The site describes Jobbie as a rite of passage for women — and then defines for its visitors what a rite of passage means. The concept for the event comes down to three simple things: "beautiful boats, beautiful women, and hanging out with friends." JobbieCrew.com details the history of the event, and goes out of its way to emphasize that consensual fun is championed above all else, and that anyone attending should clean up after themselves, and respect the police and coast guard authorities.
"It's not a smut website," Captain Jim says. "There's not a single nude photo on there. I know people just think we're a bunch of dirty old perverts out there looking at boobs, but it's turned into more than that. Like I said, it's getting to be a job for me, and nobody wants to do it if its a job."
I have only been to Jobbie once before. It was 2015 and that morning gay marriage had been legalized. I remember sitting in the Kroger parking lot (a lot happens in the Kroger parking lot in Harrison Township) with my then boyfriend. We held each other and cried celebratory tears as NPR detailed the ruling over the radio before going into the grocery store to stock up on Jobbie supplies. Despite having both grown up in Harrison Township neither of us had ever actually gone to Jobbie. Though we accepted the invitation somewhat ironically, and in our seven hours at the event never actually left the boat (mostly because we did too many poppers), it remains one of my favorite memories.
So, going into my second-ever Jobbie experience, I was skeptical that the magic of three years ago would be possible to recreate. Not only was I going for work, but the forecast threatened rain and 15- to 20-mile-per-hour winds (which may not seem like much but when you're at sea can be problematic). It was this gloomy weather news that forced my captain (a Vietnam vet whom I had never met but was referred to me by a friend's mother) to drop out the night before.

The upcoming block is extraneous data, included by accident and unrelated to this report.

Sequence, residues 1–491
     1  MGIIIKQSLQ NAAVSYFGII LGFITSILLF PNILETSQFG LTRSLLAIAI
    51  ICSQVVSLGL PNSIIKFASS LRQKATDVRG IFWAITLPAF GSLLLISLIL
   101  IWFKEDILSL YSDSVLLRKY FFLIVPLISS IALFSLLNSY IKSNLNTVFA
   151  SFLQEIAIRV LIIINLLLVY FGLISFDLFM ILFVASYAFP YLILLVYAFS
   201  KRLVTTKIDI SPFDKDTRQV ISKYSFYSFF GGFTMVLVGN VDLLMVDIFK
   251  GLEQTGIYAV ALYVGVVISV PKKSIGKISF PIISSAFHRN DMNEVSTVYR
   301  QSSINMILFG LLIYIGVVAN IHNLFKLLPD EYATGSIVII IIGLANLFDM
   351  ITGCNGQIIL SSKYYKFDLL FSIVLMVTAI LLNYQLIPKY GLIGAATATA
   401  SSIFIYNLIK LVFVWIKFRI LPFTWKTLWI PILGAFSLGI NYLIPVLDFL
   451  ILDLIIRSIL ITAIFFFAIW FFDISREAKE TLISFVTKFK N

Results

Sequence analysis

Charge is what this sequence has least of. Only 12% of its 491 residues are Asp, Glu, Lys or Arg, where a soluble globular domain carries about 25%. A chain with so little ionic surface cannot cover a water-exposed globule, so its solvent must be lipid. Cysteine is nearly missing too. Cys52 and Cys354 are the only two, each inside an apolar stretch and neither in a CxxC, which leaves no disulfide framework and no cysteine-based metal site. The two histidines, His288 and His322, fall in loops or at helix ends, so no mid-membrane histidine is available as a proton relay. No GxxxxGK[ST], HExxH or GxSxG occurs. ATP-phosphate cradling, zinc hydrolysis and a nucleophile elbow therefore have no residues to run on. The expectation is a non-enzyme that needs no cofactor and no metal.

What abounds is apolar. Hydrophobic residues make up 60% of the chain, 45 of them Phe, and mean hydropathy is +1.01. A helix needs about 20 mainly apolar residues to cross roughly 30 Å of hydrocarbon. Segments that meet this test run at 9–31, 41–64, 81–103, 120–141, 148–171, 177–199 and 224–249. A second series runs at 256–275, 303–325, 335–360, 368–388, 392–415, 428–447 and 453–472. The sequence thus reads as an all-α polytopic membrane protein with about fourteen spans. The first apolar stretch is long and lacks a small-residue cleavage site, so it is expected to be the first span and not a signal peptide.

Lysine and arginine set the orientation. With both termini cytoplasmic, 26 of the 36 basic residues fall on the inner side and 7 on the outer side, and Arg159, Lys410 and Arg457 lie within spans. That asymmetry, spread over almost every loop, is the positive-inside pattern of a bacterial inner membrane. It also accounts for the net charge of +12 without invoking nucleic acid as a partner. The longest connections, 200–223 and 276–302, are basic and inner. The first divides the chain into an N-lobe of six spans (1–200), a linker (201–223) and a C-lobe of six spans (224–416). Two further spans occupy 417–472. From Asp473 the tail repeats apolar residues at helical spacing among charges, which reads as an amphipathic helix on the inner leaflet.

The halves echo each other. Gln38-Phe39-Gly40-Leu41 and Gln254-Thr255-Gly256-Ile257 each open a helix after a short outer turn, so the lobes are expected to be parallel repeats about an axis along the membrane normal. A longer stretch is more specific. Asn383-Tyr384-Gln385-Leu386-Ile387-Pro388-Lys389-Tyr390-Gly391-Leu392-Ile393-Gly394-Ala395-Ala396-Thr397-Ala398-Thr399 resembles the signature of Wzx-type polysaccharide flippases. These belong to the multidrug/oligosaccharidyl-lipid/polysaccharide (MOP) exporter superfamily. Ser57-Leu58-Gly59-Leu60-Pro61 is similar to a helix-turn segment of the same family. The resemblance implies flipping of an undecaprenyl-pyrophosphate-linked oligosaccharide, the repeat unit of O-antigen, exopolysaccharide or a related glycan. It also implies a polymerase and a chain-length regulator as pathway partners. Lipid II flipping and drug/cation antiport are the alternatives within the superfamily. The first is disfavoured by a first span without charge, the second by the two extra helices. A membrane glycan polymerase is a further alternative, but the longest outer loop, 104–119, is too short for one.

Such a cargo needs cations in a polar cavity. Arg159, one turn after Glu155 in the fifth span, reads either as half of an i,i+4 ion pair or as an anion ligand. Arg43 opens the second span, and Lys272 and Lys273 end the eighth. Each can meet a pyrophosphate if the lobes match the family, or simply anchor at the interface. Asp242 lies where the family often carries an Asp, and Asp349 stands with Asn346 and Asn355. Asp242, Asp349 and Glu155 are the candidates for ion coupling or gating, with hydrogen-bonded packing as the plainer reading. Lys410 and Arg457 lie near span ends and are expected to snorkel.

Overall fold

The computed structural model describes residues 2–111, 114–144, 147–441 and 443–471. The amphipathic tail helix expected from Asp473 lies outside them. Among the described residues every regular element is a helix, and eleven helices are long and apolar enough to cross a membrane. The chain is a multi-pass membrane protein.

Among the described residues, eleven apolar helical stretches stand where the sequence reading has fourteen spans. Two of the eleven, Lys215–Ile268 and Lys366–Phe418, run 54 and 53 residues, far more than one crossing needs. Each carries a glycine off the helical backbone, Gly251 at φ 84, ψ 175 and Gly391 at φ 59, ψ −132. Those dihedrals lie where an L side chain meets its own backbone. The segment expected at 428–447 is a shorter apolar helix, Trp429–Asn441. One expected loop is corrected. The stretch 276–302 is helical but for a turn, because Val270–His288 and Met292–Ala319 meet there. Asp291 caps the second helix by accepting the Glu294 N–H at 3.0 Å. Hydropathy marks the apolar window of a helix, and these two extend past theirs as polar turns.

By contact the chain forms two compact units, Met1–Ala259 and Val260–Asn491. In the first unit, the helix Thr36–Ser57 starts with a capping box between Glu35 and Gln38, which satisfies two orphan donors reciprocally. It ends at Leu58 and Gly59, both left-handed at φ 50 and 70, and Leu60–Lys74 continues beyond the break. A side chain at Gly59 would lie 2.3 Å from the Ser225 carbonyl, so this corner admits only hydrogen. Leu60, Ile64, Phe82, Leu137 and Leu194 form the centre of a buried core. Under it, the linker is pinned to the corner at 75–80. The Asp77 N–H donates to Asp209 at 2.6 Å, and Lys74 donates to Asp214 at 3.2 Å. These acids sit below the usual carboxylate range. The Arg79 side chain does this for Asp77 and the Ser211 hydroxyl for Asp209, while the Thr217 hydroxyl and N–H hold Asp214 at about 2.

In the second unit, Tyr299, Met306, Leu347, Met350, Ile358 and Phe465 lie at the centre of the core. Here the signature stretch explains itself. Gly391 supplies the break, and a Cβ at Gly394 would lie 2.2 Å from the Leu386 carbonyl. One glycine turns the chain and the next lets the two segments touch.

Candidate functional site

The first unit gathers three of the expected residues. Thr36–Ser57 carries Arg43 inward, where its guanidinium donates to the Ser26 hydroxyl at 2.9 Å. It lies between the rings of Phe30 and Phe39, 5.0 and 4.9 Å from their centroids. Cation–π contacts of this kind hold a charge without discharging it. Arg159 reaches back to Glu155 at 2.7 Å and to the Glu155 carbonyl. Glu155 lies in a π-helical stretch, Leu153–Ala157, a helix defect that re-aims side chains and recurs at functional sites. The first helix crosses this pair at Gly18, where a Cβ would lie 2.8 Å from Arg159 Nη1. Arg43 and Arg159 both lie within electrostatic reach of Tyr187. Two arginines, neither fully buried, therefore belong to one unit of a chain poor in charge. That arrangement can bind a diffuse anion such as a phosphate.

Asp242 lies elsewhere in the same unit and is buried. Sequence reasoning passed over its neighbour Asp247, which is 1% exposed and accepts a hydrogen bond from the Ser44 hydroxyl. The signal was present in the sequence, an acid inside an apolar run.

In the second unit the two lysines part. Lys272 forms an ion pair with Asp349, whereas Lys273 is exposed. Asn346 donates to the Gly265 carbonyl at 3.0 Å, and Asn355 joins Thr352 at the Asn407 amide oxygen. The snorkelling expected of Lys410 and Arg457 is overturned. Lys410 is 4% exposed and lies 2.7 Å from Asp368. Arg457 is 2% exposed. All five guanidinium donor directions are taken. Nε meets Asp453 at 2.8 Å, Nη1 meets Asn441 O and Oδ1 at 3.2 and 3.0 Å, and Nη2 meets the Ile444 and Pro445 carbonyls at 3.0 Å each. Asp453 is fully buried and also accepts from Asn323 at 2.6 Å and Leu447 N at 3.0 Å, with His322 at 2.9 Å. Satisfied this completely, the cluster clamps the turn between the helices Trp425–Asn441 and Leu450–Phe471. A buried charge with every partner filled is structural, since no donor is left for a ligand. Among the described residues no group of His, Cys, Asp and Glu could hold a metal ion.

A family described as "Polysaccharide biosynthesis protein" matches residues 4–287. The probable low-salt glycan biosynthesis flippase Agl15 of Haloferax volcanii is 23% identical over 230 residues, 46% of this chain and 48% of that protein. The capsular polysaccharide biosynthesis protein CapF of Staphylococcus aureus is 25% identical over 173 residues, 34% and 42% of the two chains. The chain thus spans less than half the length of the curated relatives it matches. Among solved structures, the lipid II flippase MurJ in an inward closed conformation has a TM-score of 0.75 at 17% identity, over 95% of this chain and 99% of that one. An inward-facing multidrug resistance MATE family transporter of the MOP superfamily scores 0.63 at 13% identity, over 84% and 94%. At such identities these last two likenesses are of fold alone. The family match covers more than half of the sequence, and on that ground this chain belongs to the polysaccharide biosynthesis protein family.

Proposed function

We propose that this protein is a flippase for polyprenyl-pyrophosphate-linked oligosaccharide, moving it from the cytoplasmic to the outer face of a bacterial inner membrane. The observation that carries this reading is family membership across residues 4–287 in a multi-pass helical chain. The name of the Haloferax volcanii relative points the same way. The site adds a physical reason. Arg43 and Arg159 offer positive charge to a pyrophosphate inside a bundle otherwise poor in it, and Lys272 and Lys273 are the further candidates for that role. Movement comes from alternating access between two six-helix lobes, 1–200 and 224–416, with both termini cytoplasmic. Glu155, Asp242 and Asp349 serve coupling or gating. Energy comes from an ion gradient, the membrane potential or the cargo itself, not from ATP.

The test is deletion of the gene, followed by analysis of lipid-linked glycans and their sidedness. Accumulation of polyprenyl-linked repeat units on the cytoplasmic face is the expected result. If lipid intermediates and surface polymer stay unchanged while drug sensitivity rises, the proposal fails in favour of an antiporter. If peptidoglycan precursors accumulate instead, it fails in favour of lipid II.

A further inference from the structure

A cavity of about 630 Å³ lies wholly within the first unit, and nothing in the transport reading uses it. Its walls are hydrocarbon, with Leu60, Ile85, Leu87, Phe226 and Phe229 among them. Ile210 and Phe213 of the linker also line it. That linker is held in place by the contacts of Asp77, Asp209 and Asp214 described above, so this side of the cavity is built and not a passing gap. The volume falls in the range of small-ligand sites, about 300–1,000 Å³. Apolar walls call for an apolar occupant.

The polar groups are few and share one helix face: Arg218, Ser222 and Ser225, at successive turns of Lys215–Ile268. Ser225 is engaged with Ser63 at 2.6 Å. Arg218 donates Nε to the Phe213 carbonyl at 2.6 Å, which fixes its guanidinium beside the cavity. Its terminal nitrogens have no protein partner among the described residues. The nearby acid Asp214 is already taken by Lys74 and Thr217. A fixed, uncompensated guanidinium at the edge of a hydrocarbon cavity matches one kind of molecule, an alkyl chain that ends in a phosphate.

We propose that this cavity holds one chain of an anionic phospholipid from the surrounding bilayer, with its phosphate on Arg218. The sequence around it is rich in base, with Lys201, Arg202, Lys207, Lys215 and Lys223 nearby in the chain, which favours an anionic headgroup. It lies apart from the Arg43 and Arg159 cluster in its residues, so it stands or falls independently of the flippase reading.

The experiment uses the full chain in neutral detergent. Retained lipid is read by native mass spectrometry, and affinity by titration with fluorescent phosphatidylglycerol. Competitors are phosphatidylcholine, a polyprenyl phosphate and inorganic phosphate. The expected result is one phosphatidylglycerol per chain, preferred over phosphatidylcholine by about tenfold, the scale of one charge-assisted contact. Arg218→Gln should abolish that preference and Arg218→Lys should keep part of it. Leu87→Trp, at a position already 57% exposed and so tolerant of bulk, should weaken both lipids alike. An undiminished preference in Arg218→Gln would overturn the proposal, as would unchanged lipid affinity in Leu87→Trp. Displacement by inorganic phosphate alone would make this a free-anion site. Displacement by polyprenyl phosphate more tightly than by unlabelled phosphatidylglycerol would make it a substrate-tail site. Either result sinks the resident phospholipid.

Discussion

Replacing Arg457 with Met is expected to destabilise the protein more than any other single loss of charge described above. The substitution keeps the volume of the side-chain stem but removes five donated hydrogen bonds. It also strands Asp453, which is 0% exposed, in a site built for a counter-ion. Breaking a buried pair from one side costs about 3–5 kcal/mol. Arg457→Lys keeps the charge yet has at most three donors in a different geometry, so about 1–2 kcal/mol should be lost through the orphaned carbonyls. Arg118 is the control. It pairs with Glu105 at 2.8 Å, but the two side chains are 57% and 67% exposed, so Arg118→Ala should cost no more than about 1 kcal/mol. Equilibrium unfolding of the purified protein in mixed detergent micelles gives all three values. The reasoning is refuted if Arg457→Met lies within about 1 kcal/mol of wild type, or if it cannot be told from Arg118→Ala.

I scrambled to find another boat, texting friends of friends, blowing up all of my social media accounts, and even posting to the JobbieCrew Facebook page where I was briefly tempted to rent (and expense) a pontoon boat for $500, as offered by one of the group members.
"Ew, why?" one of my Detroit friends said in response to my Instagram plea for a ride to the island.
Another responded with the puke face emoji on my Facebook post.
It was clear to me that there was a discernible stigma surrounding the event, especially from my Detroit community. I got the impression that others perceived Jobbie as "uncool" or "trashy," and though I may have held this opinion at some point over the years (and even when pitching this story), I found myself deeply offended by the attack on my hometown — and boatless.
When I finally decide to reach out to my childhood best friend, it is in a last ditch effort to attend Jobbie. Our friendship had been on the rocks (my fault) for the past few years, and I knew she might construe my out-of-the-blue communication as insincere.
I was right. She still lives in Harrison Township, and is familiar with my writing, which is why she was hesitant to charter me, my boyfriend, and our photographer to Jobbie. I couldn't blame her. I wouldn't want me on the boat either, knowing that I would be taking notes and possibly scoffing at the drunken behavior of these suburbanites.
What started as a simple phone call resulted in an hour-long emotional airing of grievances, apologies, and in the end a ride to Jobbie Nooner and a friendship on the mend — an unexpected bonus.
"Well, that's the first correction you can make in your story," my friend says when I suggest we hit the water around noon, as stated on the JobbieCrew website. "It starts early. We leave at 7:30 a.m."